The president Tuesday night took his case to the American people, but said he would let proposals for a peaceful solution play out.
Obama has been making the case for U.S. involvement since the Assad regime reportedly used chemical weapons in the Syrian war, killing more than 1,400 people.
But war-weary Americans have not lined up behind President Obama and Alaskans have overwhelmingly opposed U.S. intervention in Syria.
The state’s two U.S. senators and lone House member say the issue has sparked more constituent mail than any recent development in Washington.
“We had over a thousand calls and emails opposing any intervention and I think we had less than five – the total amount – that was supportive.”
Republican Rep. Don Young has steadily opposed any U.S. military involvement in Syria. He just returned to Washington from Alaska, where constituents told him to stay out of the Syrian civil war.
“The most amazing thing to me in my traveling across the state, I never found one person who was in support on intervention in Syria. And we are very much a military state,” Young said before the president’s speech.
He said Alaskans’ opposition is blind to political alliance.
“You know you have the very liberals, you have the moderate conservatives, the real conservatives, a lot of different reasons,” Young said.
Six-thousand Alaskans participated in a telephone town hall on Syria last week with Sen. Mark Begich, a Democrat. Press secretary Heather Handyside said the number of comments coming in was the impetus behind it.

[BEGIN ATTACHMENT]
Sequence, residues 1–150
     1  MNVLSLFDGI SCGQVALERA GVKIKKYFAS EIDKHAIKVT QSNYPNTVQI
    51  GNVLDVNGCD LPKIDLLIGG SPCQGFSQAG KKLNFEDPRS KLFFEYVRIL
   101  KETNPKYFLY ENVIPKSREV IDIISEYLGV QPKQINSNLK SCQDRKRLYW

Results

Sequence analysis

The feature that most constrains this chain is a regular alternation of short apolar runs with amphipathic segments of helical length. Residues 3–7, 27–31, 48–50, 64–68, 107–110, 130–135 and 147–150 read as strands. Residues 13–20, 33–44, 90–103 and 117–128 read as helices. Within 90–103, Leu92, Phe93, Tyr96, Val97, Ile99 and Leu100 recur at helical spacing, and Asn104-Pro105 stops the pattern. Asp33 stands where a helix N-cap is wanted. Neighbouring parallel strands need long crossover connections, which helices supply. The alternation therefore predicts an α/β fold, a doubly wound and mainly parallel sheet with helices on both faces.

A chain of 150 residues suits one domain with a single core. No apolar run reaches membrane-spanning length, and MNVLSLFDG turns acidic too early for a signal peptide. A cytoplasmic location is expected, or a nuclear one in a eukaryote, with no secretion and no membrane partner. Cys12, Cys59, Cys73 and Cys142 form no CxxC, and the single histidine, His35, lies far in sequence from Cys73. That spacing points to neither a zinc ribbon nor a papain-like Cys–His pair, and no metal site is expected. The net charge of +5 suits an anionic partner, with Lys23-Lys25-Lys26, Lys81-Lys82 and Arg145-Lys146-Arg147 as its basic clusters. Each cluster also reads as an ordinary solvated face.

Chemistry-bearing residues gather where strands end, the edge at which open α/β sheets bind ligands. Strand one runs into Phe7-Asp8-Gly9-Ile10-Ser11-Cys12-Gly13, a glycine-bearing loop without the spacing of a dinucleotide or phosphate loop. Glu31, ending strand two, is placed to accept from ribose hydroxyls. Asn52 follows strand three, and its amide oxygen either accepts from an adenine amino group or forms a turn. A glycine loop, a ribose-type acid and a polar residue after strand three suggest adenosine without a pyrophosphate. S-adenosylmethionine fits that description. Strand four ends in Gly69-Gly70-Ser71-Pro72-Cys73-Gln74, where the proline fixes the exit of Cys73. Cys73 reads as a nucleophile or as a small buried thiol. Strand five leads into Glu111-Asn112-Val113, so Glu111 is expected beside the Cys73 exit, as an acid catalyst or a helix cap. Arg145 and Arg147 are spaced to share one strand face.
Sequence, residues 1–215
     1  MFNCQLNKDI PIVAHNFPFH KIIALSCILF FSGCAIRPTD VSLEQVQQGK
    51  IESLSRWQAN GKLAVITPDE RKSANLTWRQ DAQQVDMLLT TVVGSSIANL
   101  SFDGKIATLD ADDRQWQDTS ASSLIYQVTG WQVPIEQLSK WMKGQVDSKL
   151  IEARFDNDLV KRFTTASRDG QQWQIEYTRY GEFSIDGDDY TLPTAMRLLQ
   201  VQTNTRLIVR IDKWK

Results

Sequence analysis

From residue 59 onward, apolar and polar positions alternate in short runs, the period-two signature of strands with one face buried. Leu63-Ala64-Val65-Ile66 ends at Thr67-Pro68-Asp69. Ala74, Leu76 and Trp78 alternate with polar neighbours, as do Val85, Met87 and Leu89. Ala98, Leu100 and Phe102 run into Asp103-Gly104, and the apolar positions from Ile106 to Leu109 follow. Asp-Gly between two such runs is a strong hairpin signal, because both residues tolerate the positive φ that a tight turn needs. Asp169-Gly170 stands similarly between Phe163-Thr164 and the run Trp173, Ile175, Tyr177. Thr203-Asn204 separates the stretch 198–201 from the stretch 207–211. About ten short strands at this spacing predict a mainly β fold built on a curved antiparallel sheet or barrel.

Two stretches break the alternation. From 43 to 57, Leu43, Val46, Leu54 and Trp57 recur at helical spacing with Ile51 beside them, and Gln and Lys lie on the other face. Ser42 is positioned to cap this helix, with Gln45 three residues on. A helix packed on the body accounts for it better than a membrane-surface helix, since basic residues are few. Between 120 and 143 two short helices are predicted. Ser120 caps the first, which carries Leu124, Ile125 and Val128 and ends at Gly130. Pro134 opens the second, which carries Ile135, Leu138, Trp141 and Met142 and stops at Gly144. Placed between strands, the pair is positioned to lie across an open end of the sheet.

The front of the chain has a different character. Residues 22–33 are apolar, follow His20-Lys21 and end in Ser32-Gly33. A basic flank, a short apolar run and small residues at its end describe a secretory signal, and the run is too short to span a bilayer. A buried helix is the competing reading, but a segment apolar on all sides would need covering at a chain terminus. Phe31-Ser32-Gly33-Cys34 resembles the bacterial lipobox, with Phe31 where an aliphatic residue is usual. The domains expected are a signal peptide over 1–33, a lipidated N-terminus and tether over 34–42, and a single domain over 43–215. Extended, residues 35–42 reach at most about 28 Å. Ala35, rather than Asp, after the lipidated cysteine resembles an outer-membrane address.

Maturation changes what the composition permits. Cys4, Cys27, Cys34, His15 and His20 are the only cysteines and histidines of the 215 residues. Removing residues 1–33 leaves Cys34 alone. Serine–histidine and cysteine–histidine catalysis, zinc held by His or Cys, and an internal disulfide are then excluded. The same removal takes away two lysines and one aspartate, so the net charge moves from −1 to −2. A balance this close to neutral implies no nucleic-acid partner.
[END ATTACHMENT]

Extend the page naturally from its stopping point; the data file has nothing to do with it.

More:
Outside that town hall teleconference, Handyside said there have been thousands of calls, letters, emails and Facebook comments.
“I’d say since this issue came to the forefront we’ve had about 3,000 contacts. Probably only about 5 percent or less are in favor of engagement,” Handyside said.
Republican Sen. Lisa Murkowski has also been inundated with Alaskans’ concerns about Syrians. Press secretary Matthew Felling said most are strongly negative for a myriad of reasons.
“Some people are frustrated that a couple times a year we get a different crisis in the Middle East and we don’t see to have a plan. And there are other people who say just ‘stay out of it, we are not the world’s police’. And there are some people who say ‘we don’t want boots on the ground’. I mean the massive response overall has been no, but for a myriad of reasons,” Felling said.
He said Facebook traffic hit a “fever pitch” before the president’s speech. It was coming worldwide, but the senator’s office only counts Alaskans’ comments.
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- The controversy began with a question about the president's lack of response to the deaths of U.S. soldiers in Niger. It took another turn on Wednesday with a dispute over his comments to a widow.